By Richard Morin
By Richard Morin
There's finally some good news about the state of America's civic health: A leading indicator suggests that America has turned the corner on pessimism and is beginning to feel good about itself.
Data collected by the National Commission on Civic Renewal (NCCR) suggests that in nearly every category political participation, trust, group membership, personal security and family strength America is stronger today than it's been in nearly 25 years. "America's civic health has improved substantially from its low point in 1994, reversing much of the decline experienced between 1984 and 1994," NCCR researchers concluded.
To measure civic health, NCCR constructed an index composed of 22 separate variables. The factors include census measures of divorce per 1,000 married women, and births to married women as a percentage of all births. The index also includes the results of surveys conducted by Roper Starch International since 1974 that measured how much people trusted government and each other, as well as the percentage of people who say they belong to civic, political or social groups.
Some of the changes since 1994 have been nothing short of astonishing. Five years ago, Roper Starch polltakers found that barely a third 34 percent of all adults said they trusted other people. In 1997, the last year for which data was available, more than half 53 percent said they trusted others. Likewise, the percentage of people in 1997 who said they trusted the government increased from 29 percent to 38 percent between 1994 and 1997, and it continues to trend upward in other polls.
At the same time, the percentage of Americans who say they're afraid to walk home at night fell from 47 percent in 1994 to 38 percent in 1997, and has fallen even further in the past two years in other surveys. No wonder: During that time, the reported crimes per 1,000 persons dropped from 51.2 to 38.8.
Not all individual measures have gone up. Notably, the proportion of Americans who voted in elections fell from an average of 46.9 percent in 1992 and 1994 to 42.6 percent in 1996 and 1998. (This measure is an average of the official turnout figures for the nearest presidential and off-year elections.)
Still, these reassuring numbers are less impressive when viewed in perspective. While America has made up much of what political scientists call its "rosy glow" lost since the mid-1970s, we're still far from the peak years of national optimism in the early 1960s when, for example, overwhelming majorities of Americans said they trusted the federal government and that they trusted each other.
Forget the storybook image of a smiling, bountiful and benign Mother Nature. Many of nature's little creatures, give Americans the willies. A majority of adults even admit they're scared to venture into the woods by themselves, according to a new Harris Poll.
But few Americans say they're frightened by thunder and lightning, being alone at home at night or being in a crowd, according to the survey of 1,015 randomly selected adults. Once again, snakes lead the list of things that scare Americans. More than a third of those interviewed 36 percent said they were "very afraid" of snakes and another 63 percent said they were somewhat spooked by these slithery reptiles.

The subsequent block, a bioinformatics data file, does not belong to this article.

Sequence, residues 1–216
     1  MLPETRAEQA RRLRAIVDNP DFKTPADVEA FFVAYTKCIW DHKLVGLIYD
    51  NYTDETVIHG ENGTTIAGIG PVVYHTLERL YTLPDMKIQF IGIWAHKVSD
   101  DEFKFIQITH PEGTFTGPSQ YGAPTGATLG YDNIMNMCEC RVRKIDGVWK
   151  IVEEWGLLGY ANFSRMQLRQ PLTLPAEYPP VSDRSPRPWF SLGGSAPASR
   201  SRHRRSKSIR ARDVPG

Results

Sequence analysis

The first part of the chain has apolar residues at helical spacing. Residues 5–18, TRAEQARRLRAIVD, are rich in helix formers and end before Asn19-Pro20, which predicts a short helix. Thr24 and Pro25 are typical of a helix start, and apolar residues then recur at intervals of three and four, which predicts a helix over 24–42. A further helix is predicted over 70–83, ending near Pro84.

But other life forms are nearly as frightening, the poll suggests. Nearly half of those interviewed said they were at least somewhat afraid of spiders and insects, and more than a third were frightened by mice.
One in eight 13 percent said they were "very frightened" to be alone in a forest, while another 41 percent confessed that they were at least somewhat frightened to be out in the woods by themselves. But there's one creature that frightens few Americans: man's best friend. Barely one in five said they were afraid of dogs, even though dogs account for far more injuries to humans than any other animal.
But nature isn't the only thing America fears. Nearly eight in 10 say they're at least somewhat afraid to look down from a great height. And about half 49 percent report they are squeamish about flying on an airplane, up 5 percentage points from a similar survey conducted in 1992. (Researchers note, however, that the poll was conducted immediately after John F. Kennedy Jr. was killed in the crash of his plane.)
Women Executives Abroad
About half the nation's work force and nearly a third of all current MBA students are women. So why do women constitute just 14 percent of all workers chosen for foreign assignments?
For years, the answer from corporate America has been that foreign executives were biased against females and simply wouldn't do business with American women. Now a survey of foreign and American executives by business professors at Loyola Marymount University in Los Angeles turns that conventional wisdom on its head: Managers in Mexico and Germany were less likely than American managers to express negative views about female American executives. And while men in foreign countries may have different views of the role of women in their culture, they do not apply these beliefs to American female executives, reported Charles Vance, Yongsun Paik and William Semos in a paper presented at the annual meeting of the Academy of Management.
"Contrary to what American managers believe, business managers in the assigned countries do not hold American women to the same gender role norms and expectations that they do for women in their own country," they wrote a finding that supports "a more impartial selection process" for deciding who goes abroad.
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